On Monday, it was again windy but we opted to go fishing anyway, this time It was Erin, her dad, and myself in his boat, and then as many people as they could fit in her uncles boat. Somewhere in the neighborhood of 6 people, but I dont ever recall doing an official head count. The plan was for us all to catch some fish and have a great big fish fry for dinner. We battled some sizable waves to get to the island, but once there Erin and her dad started catching like it was going out of style. I, as any fisherman who isn’t catching tends to do, tested nearly every hook in my tackle box. In the end Erin had offered me a duplicate of the hook she was having such success with, reluctantly I accepted… and wouldn’t you know it, I caught a fish first cast. It always hurts to borrow a hook from someone because yours don’t work, but I’m pretty sure I bought that hook for her, so that makes me feel a little better.

I Feel No Shame In Being Out-Fished By The Walleye King Or His Daughter

I Feel No Shame In Being Out-Fished By The Walleye King Or His Daughter


After we hit our limits, we did a bit of “bonus fishing” beyond the wind block of the island, we did some of our best catching while drifting and rolling over the giant waves that only strong wind across a very big lake can create. Eventually we realized it was getting late in the day and headed in to meet up with the other boat and assess the results of our makeshift fishing derby.

Our Combined Total

Our Combined Total


If memory recalls, we had six walleye and one pike (not pictured). It was now up to Erin’s dad to fillet them, I think that’s worked its way into tradition over the years. I asked if I could help, since I really wanted to learn how to fillet fish, not surprisingly he agreed to let me assist him. We rounded up our knives and headed to the fish cleaning shack. He re-showed me the basics on the first fish, then we proceeded to start filleting. In a fury of swinging knives and flying fish parts we had made short work of our bounty, I worked as fast as I could but was only cleaning about one fish to his three… but I guess that’s the kind of speed experience affords you.

The Chandelier Really Makes The Cleaning Shack Look Fancy

The Chandelier Really Makes The Cleaning Shack Looks Fancy

Doing My Best

Doing My Best

We cleaned all the walleye, while each strategically avoiding the pike that neither of us had a clue how to fillet, until finally he caved and did his best to clean it. We returned to the cabins as heroes hearing many a “thanks for cleaning those” “wow, that was fast!” and “I cant believe how much fish that is”.

Shortly after our return everyone got to work filling the deep fryer with oil, making beer batter and preparing salads. This was going to be the kind of feast that wont soon be forgotten. I opted to stay out of the way and watch the deep frying process at work, while chatting with the expert cooks. The fish disappeared onto the plates of bystanders just as fast as it came out of the fryer, after almost everyone had dished up I was excited to grab my share… and then another share… followed by another… then a few more nibbles. What can I say? It was delicious and there was a lot of it. To my surprise I only found a single bone, and I know it was from that pike! I also inquired around and only about three other people admitted to finding a bone, not bad for my first time cleaning fish. After some sitting and digesting it had become rather late and it was now time for the Canada Day fireworks display put on by the campgrounds. We all wandered down to the beach to watch. Just before the fireworks started another family tradition took place… a very loud group rendition of our national anthem, which was met with a lot of cheering and applause all down the beach, and one gentleman replied with part of the tune from “Hockey Night In Canada” and of course we all applauded that guy. The fireworks display was impressive, bright, and very loud. Sunday ended much like Saturday, pleasant conversation around the campfire until one-by-one everyone found their way to sleep.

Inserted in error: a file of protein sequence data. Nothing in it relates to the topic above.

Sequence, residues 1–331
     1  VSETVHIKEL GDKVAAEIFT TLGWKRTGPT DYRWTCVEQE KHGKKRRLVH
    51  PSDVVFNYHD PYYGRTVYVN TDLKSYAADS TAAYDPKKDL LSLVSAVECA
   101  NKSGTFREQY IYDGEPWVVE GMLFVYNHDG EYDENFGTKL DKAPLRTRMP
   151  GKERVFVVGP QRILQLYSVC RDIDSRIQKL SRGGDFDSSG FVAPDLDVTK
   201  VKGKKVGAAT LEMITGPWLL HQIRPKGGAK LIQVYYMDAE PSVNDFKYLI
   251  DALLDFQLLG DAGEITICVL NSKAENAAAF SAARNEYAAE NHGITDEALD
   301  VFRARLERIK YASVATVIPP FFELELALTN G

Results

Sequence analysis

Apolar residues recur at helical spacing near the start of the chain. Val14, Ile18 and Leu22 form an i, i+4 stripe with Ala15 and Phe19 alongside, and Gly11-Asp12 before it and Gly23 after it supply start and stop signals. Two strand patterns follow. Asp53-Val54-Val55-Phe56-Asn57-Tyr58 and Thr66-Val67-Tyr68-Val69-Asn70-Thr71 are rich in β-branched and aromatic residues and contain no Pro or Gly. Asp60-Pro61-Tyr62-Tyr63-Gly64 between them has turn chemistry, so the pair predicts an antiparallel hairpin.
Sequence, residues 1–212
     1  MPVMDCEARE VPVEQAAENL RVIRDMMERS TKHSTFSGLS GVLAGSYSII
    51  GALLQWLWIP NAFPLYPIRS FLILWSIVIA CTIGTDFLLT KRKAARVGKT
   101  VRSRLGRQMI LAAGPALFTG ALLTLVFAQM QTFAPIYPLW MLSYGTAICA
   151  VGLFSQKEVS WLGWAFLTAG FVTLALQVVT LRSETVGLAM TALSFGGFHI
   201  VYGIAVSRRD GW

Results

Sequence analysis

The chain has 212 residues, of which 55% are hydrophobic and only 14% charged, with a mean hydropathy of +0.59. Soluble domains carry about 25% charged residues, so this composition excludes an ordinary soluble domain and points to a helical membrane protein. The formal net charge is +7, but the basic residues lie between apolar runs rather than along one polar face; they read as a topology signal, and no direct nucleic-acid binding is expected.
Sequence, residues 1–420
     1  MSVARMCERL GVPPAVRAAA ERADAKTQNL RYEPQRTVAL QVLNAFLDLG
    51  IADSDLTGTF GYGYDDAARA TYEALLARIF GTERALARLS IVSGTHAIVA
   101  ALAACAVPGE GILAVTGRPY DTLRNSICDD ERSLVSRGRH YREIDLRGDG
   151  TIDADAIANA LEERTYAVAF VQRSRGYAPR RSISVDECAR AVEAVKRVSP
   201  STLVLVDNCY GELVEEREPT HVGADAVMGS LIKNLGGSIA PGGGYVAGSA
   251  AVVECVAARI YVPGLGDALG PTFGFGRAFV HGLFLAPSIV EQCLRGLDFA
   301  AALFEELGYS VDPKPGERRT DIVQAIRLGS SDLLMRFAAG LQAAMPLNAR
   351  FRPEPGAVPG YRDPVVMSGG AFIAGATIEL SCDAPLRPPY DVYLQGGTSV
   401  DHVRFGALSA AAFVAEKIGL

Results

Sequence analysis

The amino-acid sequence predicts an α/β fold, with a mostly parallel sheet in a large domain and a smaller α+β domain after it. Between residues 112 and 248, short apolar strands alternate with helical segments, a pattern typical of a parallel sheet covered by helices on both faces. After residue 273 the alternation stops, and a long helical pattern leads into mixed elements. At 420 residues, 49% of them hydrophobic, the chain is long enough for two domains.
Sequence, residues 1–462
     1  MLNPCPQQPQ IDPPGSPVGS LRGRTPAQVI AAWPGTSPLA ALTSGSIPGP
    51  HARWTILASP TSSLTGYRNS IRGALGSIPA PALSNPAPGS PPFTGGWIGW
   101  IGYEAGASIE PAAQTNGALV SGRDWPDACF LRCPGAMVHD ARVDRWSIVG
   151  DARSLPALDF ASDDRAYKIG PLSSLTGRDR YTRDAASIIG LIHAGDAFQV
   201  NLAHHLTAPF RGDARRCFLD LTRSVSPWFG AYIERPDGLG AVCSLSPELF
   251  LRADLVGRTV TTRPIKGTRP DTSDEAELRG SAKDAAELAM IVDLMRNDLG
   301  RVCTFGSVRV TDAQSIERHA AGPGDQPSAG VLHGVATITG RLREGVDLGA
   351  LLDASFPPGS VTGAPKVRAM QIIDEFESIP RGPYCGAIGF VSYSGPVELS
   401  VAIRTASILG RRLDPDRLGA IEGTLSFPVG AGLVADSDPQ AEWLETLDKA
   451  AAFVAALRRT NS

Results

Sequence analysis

The next day everyone was up a little bit early, we needed to be out by 10. Erin and I packed up our gear and took down our tent, but left it out for a bit so it could dry. We then headed into the cabins where everyone was showing a great display of teamwork in cleaning all the cabins from top to bottom… especially bottom since the rain and sand had led to a lot of grit being left on the floors. Everybody got stowed away, acquiring help when needed and offering it when available. In what seemed like no time flat we were stowed away and pulling on to the highway leaving the weekend in our mirrors. All that was left now was to make the long drive home, unpack our vehicles, and to start looking forward to next year.

Posted in Fishingwith 2 comments.


  • Leanne Weik says:

    Hey Tyson,
    Great blog. I had totally forgotten about the dancing! Thanks for putting it all together.

    • Tyson says:

      Oh any time. I was kinda worried you guys would mind me writing about it, it struck me as a little invasive. Which is why I made a point of leaving out names etc. Except Adrian, but Erin got his permission for me. To me the funniest part was the dancing because while it was happening Adrian opened the door to come in, looked around at all the dancing, and backed out slowly without saying a word.